“Varied, Understated, Serious and Humorous" - 10 Questions to Jeff Grant

By Dirk Vanduffel - Thursday, August 11, 2016
“Varied, Understated, Serious and Humorous" - 10 Questions to Jeff Grant

The work of Jeff Grant (b. 1975) is forthright in its perplexity. Every piece he creates centers on concealment, the ambiguous presence, forcing the viewer to engage in a search. In a way, some of his works appear distressing. They are not abstract, although shapes and objects seem blurred and disturbed. His chosen palette, black and white or colors dimmed and subtle, only emphasizes the mental haze. Portrait outlines are fuzzy and the objects from Grant's "Creation" series appear as fantastical artefacts with tortured surfaces, holding turbulent air underneath.

“Varied, understated, serious and humorous" - 10 questions to Jeff Grant

The work of Jeff Grant (b. 1975) is forthright in its perplexity. Every piece he creates centers on concealment, the ambiguous presence, forcing the viewer to engage in a search. In a way, some of his works appear distressing. They are not abstract, although shapes and objects seem blurred and disturbed. His chosen palette, black and white or colors dimmed and subtle, only emphasizes the mental haze. Portrait outlines are fuzzy and the objects from Grant's "Creation" series appear as fantastical artefacts with tortured surfaces, holding turbulent air underneath.

Grant takes on the role of inventor or mad scientist; experimenting with living organisms, building strange machines and constructing artificial worlds. As Grant describes it, his work "deals with ambiguities and over-determinations inherent in or applied to familiar images and forms".

In our 10 questions interview, Jeff Grant sheds light on his work and his creative process.

1) How did you know that you wanted to become an artist?

I didn't know, and I still don't, but I find excitement with my practice and have no desire to stop now.

2) How would you describe your art?

Varied, understated, serious and humorous.  I use materials that make sense for the projects I work on, but also let materials inform the projects I develop. Generally I am interested in how history and memory contribute to the creative process of combining various elements into something recognizable, understandable, or relatable.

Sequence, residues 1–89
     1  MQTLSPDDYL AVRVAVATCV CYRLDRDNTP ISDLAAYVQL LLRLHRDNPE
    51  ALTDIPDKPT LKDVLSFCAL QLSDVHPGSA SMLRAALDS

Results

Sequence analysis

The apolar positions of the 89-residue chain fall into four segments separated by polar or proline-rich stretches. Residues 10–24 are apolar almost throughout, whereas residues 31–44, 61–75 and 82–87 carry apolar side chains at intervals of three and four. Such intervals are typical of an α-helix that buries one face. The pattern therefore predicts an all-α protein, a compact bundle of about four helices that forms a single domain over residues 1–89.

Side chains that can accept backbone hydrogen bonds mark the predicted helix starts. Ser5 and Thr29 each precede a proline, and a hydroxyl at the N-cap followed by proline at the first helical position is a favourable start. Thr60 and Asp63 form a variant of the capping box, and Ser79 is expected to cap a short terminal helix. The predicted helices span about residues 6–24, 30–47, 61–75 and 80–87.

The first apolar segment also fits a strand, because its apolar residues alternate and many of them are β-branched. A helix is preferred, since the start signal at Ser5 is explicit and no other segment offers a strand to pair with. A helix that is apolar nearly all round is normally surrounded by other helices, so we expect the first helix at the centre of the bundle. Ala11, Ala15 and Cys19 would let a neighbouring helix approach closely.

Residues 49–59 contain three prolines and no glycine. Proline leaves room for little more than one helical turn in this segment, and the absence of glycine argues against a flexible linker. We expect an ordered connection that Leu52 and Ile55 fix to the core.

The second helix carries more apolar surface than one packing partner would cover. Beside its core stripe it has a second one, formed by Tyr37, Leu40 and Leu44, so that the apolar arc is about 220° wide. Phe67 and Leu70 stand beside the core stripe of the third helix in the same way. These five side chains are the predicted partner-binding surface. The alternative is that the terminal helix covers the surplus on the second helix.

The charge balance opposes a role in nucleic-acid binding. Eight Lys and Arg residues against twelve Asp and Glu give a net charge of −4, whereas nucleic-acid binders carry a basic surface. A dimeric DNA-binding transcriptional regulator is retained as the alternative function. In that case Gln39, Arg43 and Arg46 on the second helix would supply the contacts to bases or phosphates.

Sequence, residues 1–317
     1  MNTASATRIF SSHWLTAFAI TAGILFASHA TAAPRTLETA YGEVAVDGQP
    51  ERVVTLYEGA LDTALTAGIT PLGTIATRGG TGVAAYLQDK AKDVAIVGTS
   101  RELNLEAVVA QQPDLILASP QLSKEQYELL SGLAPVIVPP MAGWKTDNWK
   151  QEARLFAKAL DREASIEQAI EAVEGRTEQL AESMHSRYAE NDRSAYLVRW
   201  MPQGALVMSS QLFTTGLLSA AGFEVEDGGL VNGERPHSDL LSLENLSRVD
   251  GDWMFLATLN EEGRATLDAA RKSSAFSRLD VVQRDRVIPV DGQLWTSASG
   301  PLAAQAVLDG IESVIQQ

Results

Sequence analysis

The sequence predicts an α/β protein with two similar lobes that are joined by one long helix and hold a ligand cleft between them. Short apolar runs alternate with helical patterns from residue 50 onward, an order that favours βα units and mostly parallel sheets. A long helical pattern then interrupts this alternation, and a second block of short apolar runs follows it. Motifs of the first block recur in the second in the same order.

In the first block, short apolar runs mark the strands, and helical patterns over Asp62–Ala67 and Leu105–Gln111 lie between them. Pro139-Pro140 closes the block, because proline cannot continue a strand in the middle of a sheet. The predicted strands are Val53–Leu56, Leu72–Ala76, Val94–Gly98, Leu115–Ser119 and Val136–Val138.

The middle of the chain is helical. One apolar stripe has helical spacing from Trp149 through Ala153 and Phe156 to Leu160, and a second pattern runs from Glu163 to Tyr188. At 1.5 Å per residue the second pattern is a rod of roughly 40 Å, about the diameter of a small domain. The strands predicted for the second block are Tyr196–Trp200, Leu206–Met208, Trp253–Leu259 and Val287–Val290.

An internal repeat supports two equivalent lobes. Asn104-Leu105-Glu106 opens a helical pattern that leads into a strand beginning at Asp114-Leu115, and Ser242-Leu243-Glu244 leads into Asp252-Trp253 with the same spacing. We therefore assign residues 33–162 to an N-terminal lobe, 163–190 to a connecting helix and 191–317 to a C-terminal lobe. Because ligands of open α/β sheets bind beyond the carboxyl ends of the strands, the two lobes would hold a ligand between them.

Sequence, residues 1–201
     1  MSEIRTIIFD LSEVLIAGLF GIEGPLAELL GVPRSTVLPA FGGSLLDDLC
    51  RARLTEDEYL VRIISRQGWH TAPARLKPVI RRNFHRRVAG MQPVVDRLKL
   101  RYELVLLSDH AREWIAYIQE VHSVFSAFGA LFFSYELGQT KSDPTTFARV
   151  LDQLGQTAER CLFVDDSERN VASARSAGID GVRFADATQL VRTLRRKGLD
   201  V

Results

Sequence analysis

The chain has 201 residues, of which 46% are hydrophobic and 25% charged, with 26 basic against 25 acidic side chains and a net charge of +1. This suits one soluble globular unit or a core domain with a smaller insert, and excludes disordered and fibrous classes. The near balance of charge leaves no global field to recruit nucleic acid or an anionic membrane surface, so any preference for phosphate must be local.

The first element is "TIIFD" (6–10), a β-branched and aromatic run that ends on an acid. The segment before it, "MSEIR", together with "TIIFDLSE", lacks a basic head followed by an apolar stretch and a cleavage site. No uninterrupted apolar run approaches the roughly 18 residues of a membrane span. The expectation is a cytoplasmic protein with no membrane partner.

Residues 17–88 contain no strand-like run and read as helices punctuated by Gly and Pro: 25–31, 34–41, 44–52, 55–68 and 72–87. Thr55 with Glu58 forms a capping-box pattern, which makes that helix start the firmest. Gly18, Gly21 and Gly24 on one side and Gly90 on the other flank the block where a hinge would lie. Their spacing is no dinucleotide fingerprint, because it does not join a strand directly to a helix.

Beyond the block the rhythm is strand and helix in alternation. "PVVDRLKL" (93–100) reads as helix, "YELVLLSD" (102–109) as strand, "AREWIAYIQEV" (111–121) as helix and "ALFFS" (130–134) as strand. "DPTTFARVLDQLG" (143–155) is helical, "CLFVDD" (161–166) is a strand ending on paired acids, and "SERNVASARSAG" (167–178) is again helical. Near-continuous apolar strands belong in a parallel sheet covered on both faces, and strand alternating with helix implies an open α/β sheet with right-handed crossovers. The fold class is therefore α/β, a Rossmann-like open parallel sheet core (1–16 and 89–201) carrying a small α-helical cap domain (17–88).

3) Is it hard to be an artist?

It can be.

Jeff Grant, Creation stutter, 2015. Book page fragment and sandpaper on paper, 28 x 46 cm. Courtesy of the artist and LMAKgallery, NYC 

Jeff Grant, Bosch 58. The Creation, 2011. Book page and sandpaper on paper. 33 x 20.3 cm. Courtesy of the artist and LMAKgallery, NYC

Jeff Grant, Creation sandpit, 2016. Book page fragment on archival inkjet print. 11.1 x 14.5 cm. Courtesy of the artist and LMAKgallery, NYC

4) What is your greatest achievement so far?

Maintaining an enthusiasm in making my work, and an interest in the work itself.

5) Which contemporary artists do you follow?

Bruce Nauman, Chantal Akerman, Roni Horn, Richard Tuttle, Gabriel Orozco, Béla Tarr, Claire Denis, to name a few.

6) What do you do when you are not happy with the result?

I keep working until I find the result adequately compelling, or I put the work away and see if I can reuse the materials for another work. Sometimes I throw things away.

7) Do you need to explain your art?

I find it better if the art is not explained before it is viewed. After that, my work should not be explained to any great length.  Explanation usually damages the work in my experience.

8) Do you want to try something else in the future?

I always try other things, and will keep doing so.

Jeff Grant, Head air 9, 2015. Graphite and colored pencil on paper. 61 x 45.8 cm. Courtesy of the artist and LMAKgallery, NYC

Jeff Grant, Left: Buddy, Right: Pal, both 2016. Each: Graphite and colored pencil on paper. Each: 61 x 45.8 cm. Courtesy of the artist and LMAKgallery, NYC

9) What are you afraid of?

Misery.

10) What is your ultimate dream?

I don't know.

 Jeff Grant, Withershins, 2011. Lamp with florescent light bulb and toy animals. 25.4 cm diameter, height varies. Courtesy of the artist and LMAKgallery, NYC

Dirk defines the overall policy of ArtDependence Magazine, in addition to conducting interviews. He specializes in valuation and auctioning.

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Museo Jumex (a private art collection based in Mexico City, Mexico) / David Chipperfield. Image © Simon Menges

Museo Jumex (a private art collection based in Mexico City, Mexico) / David Chipperfield. Image © Simon Menges

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